When Kelly Kennedy experienced the impact of a wish firsthand, he set out to give back to Make-A-Wish in the way he knew best.
Kelly has been a high school swim coach at Campus High School in Wichita, Kansas for 34 years.
Aside from being a swim coach, he is also a husband and a father of three – Matthew, Lauren and his youngest, Aubrey.
When Aubrey was four, her mother, Pam, noticed a lump on Aubrey’s side. Pam immediately took her to the doctor which quickly led to transporting her to the hospital that same day. Aubrey was diagnosed with a Wilms tumor on her left kidney.
“It still brings tears to my eyes,” said Pam. “We took turns being up and down; being the supporter and needing the support.”
Shortly after, Make-A-Wish entered the picture and 4-year-old Aubrey had to decide out of everything in the world, what her one-true would be.
“It came down to a cow for the backyard or a trip to Disney World. Thank goodness she chose Disney World,” Kelly laughed.
Aubrey, accompanied by her parents and siblings, set out for Disney World staying at the Give Kids The World Village.
“When Aubrey was going through her treatment, Pam was much stronger than I was. She was the calm and rational one. I kept getting in trouble at the hospital because I wouldn’t leave Aubrey’s side. The nurses finally told me, ‘If you don’t go and get some sleep then you’re going to be in a bed right next to her.’ Then after it was all over, and I could breathe a little bit, Pam had the chance to break down. So, by the time it came for Aubrey’s, we were all just exhausted. Her wish allowed us the chance to breathe,” said Kelly.
After the family returned, Kelly was inspired.
“After experiencing Aubrey’s wish, I told Pam that if there was any way I could ever pay back Make-A-Wish I would. Well, it just so happened that in 2013, I had five seniors on my swim team who were great kids and they wanted to leave a mark on their school. So, my assistant swim coach and I came up with the idea for Swim to a Wish – that way they could say they made an impact and we could wish it forward for another family,” said Kelly.
Swim to a Wish began, though unnamed the first year, and Kelly dove head first into the fundraising pool.
Over the course of a weekend, swimmers join together to swim a 100-mile marathon in relay format, with five boys swimming 20 miles each. At all times, someone is in the water and according to Kelly, the bulk of the donations come at the much-anticipated end.
“The first year we didn’t know what we were doing. We set a goal of $1,200. We had $1,600 in hand before the event even started,” said Kelly. Though Kelly felt like it was thrown together, they ended up raising $5,700 the first year of the event.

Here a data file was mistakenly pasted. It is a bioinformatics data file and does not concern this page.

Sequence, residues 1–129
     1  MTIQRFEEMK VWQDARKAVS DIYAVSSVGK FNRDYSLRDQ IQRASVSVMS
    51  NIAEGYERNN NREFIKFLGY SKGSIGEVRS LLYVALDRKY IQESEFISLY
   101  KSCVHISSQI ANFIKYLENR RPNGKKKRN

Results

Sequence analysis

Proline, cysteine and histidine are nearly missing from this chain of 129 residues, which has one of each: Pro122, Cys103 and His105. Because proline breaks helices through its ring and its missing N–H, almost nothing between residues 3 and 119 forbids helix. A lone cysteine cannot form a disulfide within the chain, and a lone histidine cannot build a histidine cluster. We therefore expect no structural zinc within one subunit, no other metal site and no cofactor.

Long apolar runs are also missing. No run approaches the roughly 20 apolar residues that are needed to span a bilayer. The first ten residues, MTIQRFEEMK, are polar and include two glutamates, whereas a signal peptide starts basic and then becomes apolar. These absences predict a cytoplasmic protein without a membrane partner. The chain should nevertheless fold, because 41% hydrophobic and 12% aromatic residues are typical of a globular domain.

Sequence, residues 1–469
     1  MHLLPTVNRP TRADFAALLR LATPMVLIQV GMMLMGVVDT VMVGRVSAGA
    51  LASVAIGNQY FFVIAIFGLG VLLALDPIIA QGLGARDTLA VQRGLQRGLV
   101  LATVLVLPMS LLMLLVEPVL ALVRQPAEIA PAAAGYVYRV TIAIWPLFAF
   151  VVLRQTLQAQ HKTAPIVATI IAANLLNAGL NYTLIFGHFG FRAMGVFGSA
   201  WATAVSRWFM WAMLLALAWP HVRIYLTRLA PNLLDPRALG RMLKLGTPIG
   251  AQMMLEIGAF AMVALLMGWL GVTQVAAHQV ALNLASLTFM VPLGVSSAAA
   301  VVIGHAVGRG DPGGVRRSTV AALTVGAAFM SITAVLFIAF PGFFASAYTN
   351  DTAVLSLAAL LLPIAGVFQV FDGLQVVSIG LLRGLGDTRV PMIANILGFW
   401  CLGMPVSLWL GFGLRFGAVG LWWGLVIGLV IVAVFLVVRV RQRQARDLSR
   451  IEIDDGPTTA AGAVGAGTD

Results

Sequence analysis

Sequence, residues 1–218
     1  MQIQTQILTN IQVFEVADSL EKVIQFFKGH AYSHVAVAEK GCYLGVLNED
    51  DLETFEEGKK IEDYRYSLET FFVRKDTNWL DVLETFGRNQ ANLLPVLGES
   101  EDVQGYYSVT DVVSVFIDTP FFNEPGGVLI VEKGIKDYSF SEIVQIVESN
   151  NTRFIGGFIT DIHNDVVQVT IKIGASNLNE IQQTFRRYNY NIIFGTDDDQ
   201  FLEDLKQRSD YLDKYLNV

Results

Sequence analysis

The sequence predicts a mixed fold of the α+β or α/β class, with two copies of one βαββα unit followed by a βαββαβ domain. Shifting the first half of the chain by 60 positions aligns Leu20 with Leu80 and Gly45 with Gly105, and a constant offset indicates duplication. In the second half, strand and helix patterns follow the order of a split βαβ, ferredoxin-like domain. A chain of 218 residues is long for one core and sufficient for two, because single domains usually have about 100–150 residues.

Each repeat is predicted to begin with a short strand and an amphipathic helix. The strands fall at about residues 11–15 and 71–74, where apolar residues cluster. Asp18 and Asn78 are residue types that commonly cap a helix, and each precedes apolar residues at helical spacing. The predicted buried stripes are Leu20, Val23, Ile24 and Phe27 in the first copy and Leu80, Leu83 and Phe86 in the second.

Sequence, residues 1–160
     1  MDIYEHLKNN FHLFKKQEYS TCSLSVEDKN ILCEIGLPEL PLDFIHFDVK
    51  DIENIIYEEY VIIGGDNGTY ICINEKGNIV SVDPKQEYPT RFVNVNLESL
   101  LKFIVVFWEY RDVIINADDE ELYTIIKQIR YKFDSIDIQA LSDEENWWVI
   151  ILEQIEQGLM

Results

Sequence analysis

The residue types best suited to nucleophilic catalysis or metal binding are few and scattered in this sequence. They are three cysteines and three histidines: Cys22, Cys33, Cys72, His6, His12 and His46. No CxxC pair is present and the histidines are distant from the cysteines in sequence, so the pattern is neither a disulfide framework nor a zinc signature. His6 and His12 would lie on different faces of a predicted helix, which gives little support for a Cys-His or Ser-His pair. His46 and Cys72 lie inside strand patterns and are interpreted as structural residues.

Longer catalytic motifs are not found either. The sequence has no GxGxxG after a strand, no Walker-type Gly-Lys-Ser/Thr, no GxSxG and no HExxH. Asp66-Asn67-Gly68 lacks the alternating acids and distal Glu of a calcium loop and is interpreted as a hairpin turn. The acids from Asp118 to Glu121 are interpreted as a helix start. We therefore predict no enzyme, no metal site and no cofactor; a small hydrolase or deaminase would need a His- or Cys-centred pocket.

Then, at the start of the season the next year, some of the boys started asking, “Well, you’re doing that again, right?”
Kelly said that’s when he knew they had to name the event and create a logo. “I don’t think there’s any way we could quit now. I think we would be in a lot of trouble if we weren’t going to do it.”
“We really didn’t expect it to be what it is but, in a few weeks, it will be our 7th annual. There are other schools that have joined in with us and we’ve had as many as 10 schools participate.”
Kelly said along with the participation growth, the amount raised has also increased. Last year, they raised over $14,000 and in the six years since its inception, Swim to a Wish has raised over $200,000 for local wish kids battling critical illnesses.
Among the schools that participate alongside Campus, is Derby, known to be Campus’ biggest rival in swimming. Despite the competition that exists between the two, it is set aside for the weekend of the event.
“It’s nice that these boys have found that common ground and that sense of community,” said Pam, Kelly’s wife. “It’s been impactful in a lot of areas. Not just Make-A-Wish, but within the schools and the boys as well.”
When the event weekend comes, the swimmers pack their bags as they prepare to sleep in the locker room for the entire weekend.
“You’ve got to give the boys a lot of credit for them to be willing to give up the weekend and spend that much time in the water and be completely exhausted at the end of it all,” said Pam.
Kelly explains how Jimmy Adams, the swim coach for Derby, puts it to his kids. “His kids were getting kind of grouchy and so he took them aside and said, ‘Listen. You guys suffer for a weekend doing this, whereas these kids that you are doing this for suffer every day of their lives.’ That really touched the boys and they finished that whole thing on a high note,” said Kelly.
Kelly explains that his favorite part is always the end when their wish ambassador comes, and he watches as the boys light up as they see who they are impacting. With tears in his eyes, partially due to lack of sleep, Kelly watches as his swimmers become humble heroes. “You just see them come alive when they realize who it’s all for. I just kind of stand back.”
Kelly’s biggest advice for those wanting to get involved is to just put some thought into something and from there, it’s really an easy thing to do; the support right behind you.
Even after all these years and the success of this event, Kelly still doesn’t believe he has repaid Make-A-Wish for what they did for his family.
Though this wish was granted in 2003, 4-year-old Aubrey has become 19-year-old Aubrey, and Kelly has put more coaching years under his belt, the entire family still reflects on how the wish has impacted them today.
“My wish trip was a sign that everything was going to be okay,” said Aubrey.
“It gave us hope. And filled us with a ton joy,” said Pam.
“The wish provided light in a very dark time of our lives. That light got us back on track,” said Kelly.
The 7th Annual Swim to a Wish will take place the weekend of February 22-24.